• Existing access – is the interior floor level of the shop much higher than the pavement below? Is there scope for creating a level or sloped access into the shop? Is the existing access in the best place?
  • Existing utilities – Are there existing utilities on site that will need to be considered in the shopfront design (e.g., where the gas supply and meter are located)?
  • Orientation – How does the path of the sun affect conditions on site and outward views? What is the existing microclimate on the site? Would awnings be needed to reduce glare and heat gain in summer?
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  • This shopfront in Windermere is very well proportioned. The tall window extends almost up to the internal ceiling height, and the fascia sits nicely within the upper limit provided by the cornice and first floor window and the top of the shop window frame below.

  • This traditional building has lower ceiling heights and a limited width for each shop window, but each window has strongly vertical proportions due to the shapes of the panes of the glass, the narrow pilasters, and the shallow fascia and stallriser. Bowness.

  • Here, good use is made of Lakeland stone in the shopfront. The window frames are graceful and slender, but the fascia and its cornice are like a thick girder, seemingly carrying the weight of the wall above. Ambleside.

C.2.i Historic Assessment

5.12 For developments requiring a heritage, design and access statement, this should include a historic character assessment that clearly demonstrates how the proposal responds to the existing neighbourhood and wider natural and cultural landscape of the area. The degree of detail and complexity of this will be proportionate to the size of the development and sensitivity of the site.

5.13 A typical assessment will include:

  • Historic layout and street pattern – how the area has changed over time based on historic map analysis
  • Influence of local geology and topography e.g., building material, settlement location
  • Built form and changes in architectural style over time
  • Existing and historic views and vistas, especially leading in or out of a settlement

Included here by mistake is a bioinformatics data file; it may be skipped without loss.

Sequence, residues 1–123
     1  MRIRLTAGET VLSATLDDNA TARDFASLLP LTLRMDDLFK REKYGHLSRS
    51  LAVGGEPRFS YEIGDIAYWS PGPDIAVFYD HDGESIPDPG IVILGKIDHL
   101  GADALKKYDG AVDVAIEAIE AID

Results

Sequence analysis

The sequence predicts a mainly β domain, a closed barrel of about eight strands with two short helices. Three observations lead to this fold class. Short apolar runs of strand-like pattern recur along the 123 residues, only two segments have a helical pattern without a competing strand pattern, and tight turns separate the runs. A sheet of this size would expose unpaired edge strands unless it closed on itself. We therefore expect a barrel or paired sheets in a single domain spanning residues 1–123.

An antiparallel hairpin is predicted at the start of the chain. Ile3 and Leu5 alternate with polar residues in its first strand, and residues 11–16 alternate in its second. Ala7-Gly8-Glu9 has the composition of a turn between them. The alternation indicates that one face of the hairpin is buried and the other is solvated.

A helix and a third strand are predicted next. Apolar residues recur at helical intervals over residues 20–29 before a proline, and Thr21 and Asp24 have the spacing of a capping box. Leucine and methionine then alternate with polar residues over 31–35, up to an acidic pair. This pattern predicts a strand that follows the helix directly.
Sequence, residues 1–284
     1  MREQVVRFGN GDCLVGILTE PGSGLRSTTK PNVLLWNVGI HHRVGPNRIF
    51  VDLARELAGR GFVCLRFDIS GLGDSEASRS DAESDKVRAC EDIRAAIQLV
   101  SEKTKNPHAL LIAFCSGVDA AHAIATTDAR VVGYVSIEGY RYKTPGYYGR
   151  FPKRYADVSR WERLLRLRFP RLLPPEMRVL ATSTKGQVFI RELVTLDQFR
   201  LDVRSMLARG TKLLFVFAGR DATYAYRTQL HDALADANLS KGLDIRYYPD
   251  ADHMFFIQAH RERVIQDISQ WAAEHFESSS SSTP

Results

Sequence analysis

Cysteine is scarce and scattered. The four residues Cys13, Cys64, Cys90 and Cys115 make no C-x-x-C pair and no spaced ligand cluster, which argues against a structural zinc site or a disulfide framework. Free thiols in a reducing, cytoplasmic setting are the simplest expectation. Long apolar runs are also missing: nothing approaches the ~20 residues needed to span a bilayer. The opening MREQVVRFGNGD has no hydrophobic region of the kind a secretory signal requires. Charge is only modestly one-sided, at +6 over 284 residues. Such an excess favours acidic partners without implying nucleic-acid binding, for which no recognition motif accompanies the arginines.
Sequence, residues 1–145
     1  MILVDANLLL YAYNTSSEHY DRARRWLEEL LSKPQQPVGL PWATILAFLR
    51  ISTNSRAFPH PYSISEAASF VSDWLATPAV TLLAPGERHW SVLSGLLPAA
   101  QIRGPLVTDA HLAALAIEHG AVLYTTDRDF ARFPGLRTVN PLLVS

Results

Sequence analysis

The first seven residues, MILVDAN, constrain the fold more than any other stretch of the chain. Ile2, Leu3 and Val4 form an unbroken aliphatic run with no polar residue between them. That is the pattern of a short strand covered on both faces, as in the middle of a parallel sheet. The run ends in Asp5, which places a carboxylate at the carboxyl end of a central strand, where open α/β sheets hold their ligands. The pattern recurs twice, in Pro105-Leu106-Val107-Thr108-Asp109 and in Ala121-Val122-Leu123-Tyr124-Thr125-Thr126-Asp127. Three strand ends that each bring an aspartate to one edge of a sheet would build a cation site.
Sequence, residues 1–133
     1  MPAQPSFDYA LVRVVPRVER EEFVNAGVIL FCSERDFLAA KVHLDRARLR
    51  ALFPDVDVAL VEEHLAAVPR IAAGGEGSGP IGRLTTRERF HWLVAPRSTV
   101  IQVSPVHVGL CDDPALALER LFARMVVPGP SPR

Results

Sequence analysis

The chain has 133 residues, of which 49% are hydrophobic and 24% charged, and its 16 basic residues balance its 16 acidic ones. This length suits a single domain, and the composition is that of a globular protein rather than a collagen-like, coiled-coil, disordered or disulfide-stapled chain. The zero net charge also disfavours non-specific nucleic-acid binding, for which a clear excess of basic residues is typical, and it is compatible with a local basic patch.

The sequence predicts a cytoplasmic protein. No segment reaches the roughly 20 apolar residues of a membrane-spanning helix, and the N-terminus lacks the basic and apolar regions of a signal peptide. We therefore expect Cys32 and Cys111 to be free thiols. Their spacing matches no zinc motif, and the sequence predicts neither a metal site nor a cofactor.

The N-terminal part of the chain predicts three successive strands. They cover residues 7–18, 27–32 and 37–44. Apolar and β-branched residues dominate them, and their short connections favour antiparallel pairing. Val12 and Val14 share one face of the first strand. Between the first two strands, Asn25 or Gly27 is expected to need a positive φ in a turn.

• Building materials and detailing
  • Public realm areas – including street furniture, lighting, boundary walls
  • Local landmarks
  • Intangible elements which contribute to the areas ‘sense of place’ like a noisy marketplace or serene churchyard

5.14 The applicant must consider how the proposal fits into the existing historic townscape setting. This will include not only consideration of visual impacts but also any effects of contextual relationships, such as the character of the wider street or square.

5.15 At the end of the process the applicant will be able to demonstrate how their proposal actively responds to the distinctive character and identity of an area and has been influenced by local building materials, scale and form, shopfront design traditions and settlement pattern.

5.16 If the site is in an area covered by a Neighbourhood Plan or Conservation Area Management Plan in place, the proposed development should respond to any relevant design considerations provided in these documents. See Understanding Place: Historic Area Assessments (2017) for further guidance.

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  • This shopfront is unusual because it is mostly made of cast iron rather than timber, but the same principles of proportion have been applied to its design. Keswick

  • The materials and assertive design of this shopfront harmonises with the architecture and materials of the upper storeys, and the neighbours to either side in this parade. Windermere.

  • This modern shopfront is minimal in style but has the essential components of a shopfront and makes an important local reference through the use of local stone cladding. The doorway has been sited to provide as level access as possible. Ambleside.

U.1.iii Active Frontage

5.17 The shopfront, signage and principal entrance must all be on the same elevation.

5.31 Shop doorway must be set back from the pavement and the space within the recess used for a ramp or steps to address any difference between the internal floor level and the pavement outside.

5.34 Shopfront security measures should be designed to retain views into the shop when closed through:

  • Robust locks
  • Toughened glass
  • Reinforced stallrisers
  • Grilles or shutters that can be removed and stored during business hours
  • Internal grilles or rollershutters that permit visibility into the shop
  • External rollershutters where the shutter housing and runners are concealed from view and the shutters themselves mean it is possible to still see into the shop